On Sunday 26 October 2003 01:09, Just van Rossum wrote:
It seems noone liked (or remembered) an idea I proposed last february, but I'm going to repost it anyway:
How about adding a "rebinding" operator, for example spelled ":=":
a := 2
It would mean: bind the value 2 to the nearest scope that defines 'a'.
In the light of the current discussion, this looks beautiful. At least if compresence of := and other bindings (= , class, def, for, import, ...) for the same name at the same scope is flagged as an error.
I would also suggest for simplicity that := be only allowed in the simplest form of assignment: to a single bare name -- no packing, unpacking, chaining, nor can the LHS be an indexing, slicing, nor dotted name.
Advantages: no declarative statement (I don't like global much to begin with, but much less for scope declarations other that what it means now). It's a nice addition to the current scoping rule: an assignment IS a scope declaration.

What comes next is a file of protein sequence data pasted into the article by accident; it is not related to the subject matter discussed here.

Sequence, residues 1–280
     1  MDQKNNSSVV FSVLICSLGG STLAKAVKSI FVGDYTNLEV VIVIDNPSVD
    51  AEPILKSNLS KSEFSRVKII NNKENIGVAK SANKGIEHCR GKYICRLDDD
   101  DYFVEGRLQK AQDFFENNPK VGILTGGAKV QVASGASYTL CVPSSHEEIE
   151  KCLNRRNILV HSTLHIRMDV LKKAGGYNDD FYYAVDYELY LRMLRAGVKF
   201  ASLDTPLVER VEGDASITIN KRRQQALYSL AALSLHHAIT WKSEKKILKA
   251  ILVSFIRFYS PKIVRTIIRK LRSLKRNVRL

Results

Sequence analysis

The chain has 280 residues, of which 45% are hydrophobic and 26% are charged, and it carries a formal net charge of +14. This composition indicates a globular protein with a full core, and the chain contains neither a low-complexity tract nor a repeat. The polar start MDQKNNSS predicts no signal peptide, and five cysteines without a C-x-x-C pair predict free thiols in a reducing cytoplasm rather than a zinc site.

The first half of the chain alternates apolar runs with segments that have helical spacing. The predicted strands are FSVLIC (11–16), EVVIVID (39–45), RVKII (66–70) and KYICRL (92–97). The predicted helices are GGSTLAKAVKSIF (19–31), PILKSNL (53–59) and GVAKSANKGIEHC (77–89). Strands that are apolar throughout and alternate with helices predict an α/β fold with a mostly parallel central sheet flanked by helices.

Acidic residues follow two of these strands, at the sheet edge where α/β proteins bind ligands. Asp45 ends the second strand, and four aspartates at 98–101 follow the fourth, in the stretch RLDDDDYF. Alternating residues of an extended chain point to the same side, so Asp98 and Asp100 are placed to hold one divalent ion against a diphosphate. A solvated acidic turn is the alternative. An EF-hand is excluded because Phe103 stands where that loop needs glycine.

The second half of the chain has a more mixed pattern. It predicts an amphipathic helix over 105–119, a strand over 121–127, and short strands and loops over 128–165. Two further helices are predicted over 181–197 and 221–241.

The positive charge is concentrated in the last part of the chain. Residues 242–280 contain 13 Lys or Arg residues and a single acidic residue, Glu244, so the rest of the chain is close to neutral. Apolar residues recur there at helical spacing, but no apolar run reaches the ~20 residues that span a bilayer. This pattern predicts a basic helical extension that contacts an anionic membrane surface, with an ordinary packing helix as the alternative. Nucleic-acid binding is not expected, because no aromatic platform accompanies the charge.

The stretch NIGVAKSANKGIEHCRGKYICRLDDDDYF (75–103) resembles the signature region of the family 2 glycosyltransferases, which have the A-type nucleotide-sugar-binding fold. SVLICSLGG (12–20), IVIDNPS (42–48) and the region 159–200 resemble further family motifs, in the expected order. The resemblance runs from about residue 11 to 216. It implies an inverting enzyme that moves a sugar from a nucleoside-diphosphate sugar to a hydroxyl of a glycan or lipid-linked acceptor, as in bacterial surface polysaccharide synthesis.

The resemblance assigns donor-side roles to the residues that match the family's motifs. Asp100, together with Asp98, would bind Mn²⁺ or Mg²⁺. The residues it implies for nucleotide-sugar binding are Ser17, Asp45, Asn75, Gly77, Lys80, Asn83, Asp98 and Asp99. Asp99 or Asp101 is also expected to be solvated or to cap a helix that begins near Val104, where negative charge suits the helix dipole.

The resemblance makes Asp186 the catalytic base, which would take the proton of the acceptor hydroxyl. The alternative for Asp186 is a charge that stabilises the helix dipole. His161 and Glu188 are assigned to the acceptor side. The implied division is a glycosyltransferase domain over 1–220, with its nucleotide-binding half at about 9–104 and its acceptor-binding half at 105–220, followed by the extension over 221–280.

Yes. Neat. := becomes an unobtrusive but unmistakable indication "I'm binding this name in NON-local scope" and -- if defined with the restrictions I suggest -- meets all of my issues wrt 'global'.
Possible disadvantage: you can only rebind to the nearest scope that defines the name. If there's a farther scope that also defines that name you can't reach that. But that's nicely symmetrical with how _reading_ values from nested scopes work today, shadowing is nothing new.
I agree. Reaching other scopes but the "closest" outer one is not a use case of any overriding importance, IMHO.
Ideally, augmented assignments would also become "rebinding". However, this may have compatibility problems.
Unfortunately yes. It might have been better to define them that way in the first place, but changing them now is dubious. Besides, we could not load them with the restrictions I think should be put on := to make it simplest, sharpest, and most useful.